Sunday 18 February 2018

Aeorbatic roll pilot filmed his own accidental death

AN amateur pilot filmed the plane crash that killed him and his friend after they attempted to perform aerobatics in a biplane, an inquest in Britain has heard.

Edouard Dupont, 40 and Xavier Franiatte, 31, crashed into woods near Henley-on-Thames, Oxfordshire, on July 10 last year.

The flight, attempted aerobatic roll, and crash was filmed on a video camera mounted on Mr Dupont's helmet.

But it was unclear who was piloting the dual-control silver Stampe aircraft when it started to perform the roll.

The pilot lost control, entering an inverted spin, and crashed upside-down into the trees.

Air Accidents Investigation Branch senior inspector Andrew Blackie told a jury at Oxfordshire Coroner's Court: "What we have here is the entry into a manoeuvre, the loss of control in the manoeuvre, and then the failure to recover that loss of control."

Both pilots were licensed with 200 hours of basic flying experience and had taken a small amount of private aerobatic training.

"Neither of them had enough experience to recover from an inverted spin at that altitude," said Mr Blackie, who analysed the video of the flight.

They entered the roll at an altitude of about 3,500 feet, keeping within the flying restrictions in the area.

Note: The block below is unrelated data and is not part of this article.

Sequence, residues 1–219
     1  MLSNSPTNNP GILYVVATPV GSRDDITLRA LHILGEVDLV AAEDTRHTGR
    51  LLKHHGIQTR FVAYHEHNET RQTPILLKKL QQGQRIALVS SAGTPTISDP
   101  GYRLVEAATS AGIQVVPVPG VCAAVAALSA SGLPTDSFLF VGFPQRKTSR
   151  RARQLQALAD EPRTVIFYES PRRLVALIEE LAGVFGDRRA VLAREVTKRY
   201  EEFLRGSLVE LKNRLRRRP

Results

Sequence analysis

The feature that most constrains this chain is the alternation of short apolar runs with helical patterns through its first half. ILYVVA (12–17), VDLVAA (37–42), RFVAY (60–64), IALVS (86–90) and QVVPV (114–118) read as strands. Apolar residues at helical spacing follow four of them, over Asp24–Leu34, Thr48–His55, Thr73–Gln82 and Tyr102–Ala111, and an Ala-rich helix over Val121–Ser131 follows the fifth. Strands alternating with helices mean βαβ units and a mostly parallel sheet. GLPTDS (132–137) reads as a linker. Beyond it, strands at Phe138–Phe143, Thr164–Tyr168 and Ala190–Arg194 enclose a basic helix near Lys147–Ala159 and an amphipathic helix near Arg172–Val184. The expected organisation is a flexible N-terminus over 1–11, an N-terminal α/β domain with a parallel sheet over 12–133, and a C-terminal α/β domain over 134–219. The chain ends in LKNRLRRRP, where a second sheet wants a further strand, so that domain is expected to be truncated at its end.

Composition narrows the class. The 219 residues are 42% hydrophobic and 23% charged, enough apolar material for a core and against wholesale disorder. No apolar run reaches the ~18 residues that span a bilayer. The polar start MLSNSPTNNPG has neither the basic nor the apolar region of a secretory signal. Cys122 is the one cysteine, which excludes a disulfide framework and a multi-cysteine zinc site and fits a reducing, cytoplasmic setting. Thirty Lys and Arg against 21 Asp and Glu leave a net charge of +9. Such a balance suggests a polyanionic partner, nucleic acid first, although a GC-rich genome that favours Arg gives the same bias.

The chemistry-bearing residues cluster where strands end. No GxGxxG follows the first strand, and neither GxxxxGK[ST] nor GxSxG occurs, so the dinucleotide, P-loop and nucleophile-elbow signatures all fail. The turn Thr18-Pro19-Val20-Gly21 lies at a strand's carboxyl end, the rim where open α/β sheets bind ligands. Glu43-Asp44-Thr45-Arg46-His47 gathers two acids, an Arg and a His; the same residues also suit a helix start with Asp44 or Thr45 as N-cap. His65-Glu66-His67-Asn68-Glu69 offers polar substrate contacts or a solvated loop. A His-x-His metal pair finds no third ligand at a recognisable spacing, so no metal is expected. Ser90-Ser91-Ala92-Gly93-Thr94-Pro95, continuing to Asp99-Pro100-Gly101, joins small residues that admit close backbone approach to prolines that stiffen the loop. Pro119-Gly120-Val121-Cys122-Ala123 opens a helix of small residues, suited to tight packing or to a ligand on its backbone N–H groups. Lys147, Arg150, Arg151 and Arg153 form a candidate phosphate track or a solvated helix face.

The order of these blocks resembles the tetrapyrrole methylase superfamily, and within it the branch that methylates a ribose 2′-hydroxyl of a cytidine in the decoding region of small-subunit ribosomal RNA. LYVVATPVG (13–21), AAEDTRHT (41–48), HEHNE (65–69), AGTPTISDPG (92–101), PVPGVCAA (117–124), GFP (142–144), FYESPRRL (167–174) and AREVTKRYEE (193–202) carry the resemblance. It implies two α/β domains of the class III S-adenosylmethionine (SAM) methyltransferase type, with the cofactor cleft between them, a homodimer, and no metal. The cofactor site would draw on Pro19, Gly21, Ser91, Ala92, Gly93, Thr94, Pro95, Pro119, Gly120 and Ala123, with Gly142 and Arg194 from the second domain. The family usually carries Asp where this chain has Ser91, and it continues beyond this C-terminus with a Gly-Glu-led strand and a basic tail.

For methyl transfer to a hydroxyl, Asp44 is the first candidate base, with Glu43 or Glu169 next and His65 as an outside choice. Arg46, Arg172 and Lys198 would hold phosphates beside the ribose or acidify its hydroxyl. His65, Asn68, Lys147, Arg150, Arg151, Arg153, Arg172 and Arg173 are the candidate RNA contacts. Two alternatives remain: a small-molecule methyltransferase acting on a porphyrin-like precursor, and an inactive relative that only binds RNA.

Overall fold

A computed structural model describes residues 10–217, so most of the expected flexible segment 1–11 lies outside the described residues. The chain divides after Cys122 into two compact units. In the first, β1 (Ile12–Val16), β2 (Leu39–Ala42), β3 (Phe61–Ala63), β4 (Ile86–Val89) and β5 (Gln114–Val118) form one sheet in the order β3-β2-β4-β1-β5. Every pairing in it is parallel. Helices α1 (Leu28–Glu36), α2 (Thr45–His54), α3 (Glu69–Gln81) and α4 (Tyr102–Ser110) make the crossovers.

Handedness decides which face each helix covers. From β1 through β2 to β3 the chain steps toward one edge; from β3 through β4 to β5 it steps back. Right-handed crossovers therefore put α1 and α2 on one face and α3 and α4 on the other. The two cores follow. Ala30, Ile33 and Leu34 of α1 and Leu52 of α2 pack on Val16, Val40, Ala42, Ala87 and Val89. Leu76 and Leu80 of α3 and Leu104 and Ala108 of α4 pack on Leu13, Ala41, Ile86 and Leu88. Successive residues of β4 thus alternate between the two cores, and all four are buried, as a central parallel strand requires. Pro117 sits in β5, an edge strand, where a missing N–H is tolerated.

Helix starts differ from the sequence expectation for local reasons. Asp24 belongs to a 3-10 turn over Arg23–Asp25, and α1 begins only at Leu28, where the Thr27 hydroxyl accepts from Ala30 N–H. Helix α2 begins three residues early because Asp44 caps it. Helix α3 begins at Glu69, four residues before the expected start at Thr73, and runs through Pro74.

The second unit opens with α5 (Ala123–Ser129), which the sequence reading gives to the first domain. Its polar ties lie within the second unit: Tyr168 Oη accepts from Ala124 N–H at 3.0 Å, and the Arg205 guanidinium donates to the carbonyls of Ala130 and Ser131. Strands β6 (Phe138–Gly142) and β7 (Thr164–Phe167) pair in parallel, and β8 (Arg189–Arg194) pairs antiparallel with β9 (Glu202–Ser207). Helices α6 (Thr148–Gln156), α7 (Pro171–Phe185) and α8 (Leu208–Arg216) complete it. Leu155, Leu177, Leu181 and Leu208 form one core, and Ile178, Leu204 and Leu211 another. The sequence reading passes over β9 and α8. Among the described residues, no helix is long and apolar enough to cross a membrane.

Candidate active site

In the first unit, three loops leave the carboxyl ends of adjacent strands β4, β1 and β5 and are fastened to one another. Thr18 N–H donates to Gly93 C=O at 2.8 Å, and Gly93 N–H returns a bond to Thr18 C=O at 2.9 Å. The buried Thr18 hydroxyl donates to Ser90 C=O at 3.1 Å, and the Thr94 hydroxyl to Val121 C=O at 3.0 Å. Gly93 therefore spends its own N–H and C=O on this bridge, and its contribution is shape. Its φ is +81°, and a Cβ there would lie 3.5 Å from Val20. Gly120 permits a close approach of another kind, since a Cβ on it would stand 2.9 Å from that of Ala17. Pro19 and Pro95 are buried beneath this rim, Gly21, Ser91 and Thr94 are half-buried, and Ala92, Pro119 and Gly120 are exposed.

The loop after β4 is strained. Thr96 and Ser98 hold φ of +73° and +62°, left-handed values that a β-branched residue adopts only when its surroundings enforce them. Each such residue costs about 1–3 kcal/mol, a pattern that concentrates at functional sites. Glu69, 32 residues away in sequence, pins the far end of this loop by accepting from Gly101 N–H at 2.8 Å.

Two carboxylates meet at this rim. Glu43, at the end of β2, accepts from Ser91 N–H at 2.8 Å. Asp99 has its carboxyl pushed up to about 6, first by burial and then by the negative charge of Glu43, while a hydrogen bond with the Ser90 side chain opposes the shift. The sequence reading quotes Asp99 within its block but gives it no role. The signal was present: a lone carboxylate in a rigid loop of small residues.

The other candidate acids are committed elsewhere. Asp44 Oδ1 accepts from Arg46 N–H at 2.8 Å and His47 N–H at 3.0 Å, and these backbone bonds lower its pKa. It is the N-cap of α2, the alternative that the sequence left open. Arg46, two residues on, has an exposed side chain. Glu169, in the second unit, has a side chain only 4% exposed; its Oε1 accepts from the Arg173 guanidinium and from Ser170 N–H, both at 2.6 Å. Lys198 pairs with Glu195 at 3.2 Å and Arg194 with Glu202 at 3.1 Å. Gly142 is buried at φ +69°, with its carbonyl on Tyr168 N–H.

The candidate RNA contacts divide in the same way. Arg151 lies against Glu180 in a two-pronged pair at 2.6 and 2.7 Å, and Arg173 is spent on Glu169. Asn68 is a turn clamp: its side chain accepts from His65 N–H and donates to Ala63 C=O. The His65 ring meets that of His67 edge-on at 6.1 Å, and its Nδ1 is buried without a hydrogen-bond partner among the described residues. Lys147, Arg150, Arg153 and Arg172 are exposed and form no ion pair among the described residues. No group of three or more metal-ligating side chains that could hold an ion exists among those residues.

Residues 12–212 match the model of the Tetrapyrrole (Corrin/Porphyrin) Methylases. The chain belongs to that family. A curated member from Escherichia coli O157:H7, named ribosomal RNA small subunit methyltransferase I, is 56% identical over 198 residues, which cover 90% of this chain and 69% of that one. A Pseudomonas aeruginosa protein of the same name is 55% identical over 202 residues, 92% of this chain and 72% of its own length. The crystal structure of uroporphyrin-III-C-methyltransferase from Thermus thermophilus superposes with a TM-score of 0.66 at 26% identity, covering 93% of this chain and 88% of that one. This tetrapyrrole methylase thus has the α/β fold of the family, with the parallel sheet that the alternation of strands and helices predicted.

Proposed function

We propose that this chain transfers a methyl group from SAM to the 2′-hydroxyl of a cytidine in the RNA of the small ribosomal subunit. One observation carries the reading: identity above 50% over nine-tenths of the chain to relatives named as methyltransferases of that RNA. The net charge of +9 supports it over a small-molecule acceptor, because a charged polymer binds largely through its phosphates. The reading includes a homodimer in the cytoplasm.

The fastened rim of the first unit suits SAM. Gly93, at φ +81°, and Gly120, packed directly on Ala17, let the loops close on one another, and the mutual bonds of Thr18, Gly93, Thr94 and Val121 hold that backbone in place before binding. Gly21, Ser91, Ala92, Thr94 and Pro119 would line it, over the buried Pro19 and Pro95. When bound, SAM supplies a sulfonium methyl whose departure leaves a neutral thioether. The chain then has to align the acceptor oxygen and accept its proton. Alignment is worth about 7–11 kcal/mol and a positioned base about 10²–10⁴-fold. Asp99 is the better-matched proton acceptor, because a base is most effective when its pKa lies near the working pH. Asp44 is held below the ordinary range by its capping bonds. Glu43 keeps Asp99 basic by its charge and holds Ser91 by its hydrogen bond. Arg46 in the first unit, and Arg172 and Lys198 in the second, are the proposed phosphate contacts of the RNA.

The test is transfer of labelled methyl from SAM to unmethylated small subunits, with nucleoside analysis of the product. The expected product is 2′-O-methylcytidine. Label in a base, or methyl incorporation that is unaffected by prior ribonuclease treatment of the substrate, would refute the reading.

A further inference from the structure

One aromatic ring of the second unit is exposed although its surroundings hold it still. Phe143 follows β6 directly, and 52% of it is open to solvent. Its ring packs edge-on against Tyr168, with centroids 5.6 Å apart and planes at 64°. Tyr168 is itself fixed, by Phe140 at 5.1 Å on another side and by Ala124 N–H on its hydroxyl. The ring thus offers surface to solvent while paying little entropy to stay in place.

But at that height the pilot would have only 15 seconds to recover, according to Mr Blackie, an experienced pilot.

"This is not a very long period of time for a pilot with flying experience of about 200 hours to recover," said Mr Blackie.

"These are not competition aerobatic pilots.

"It is not a place that I would choose to do aerobatics.

"You want to have enough height from the ground to sort out anything that goes wrong but if you were to go any higher, you would be in the airspace that is reserved for the aircraft coming out of Heathrow."

It was only 37 seconds after the pair, both of south west London, began the roll that they crashed into the trees, the jury was told.

Mr Franiatte died almost instantly from head injuries while Mr Dupont, an investment banker, was taken to the John Radcliffe Hospital in Oxford, where he died later of his multiple injuries.

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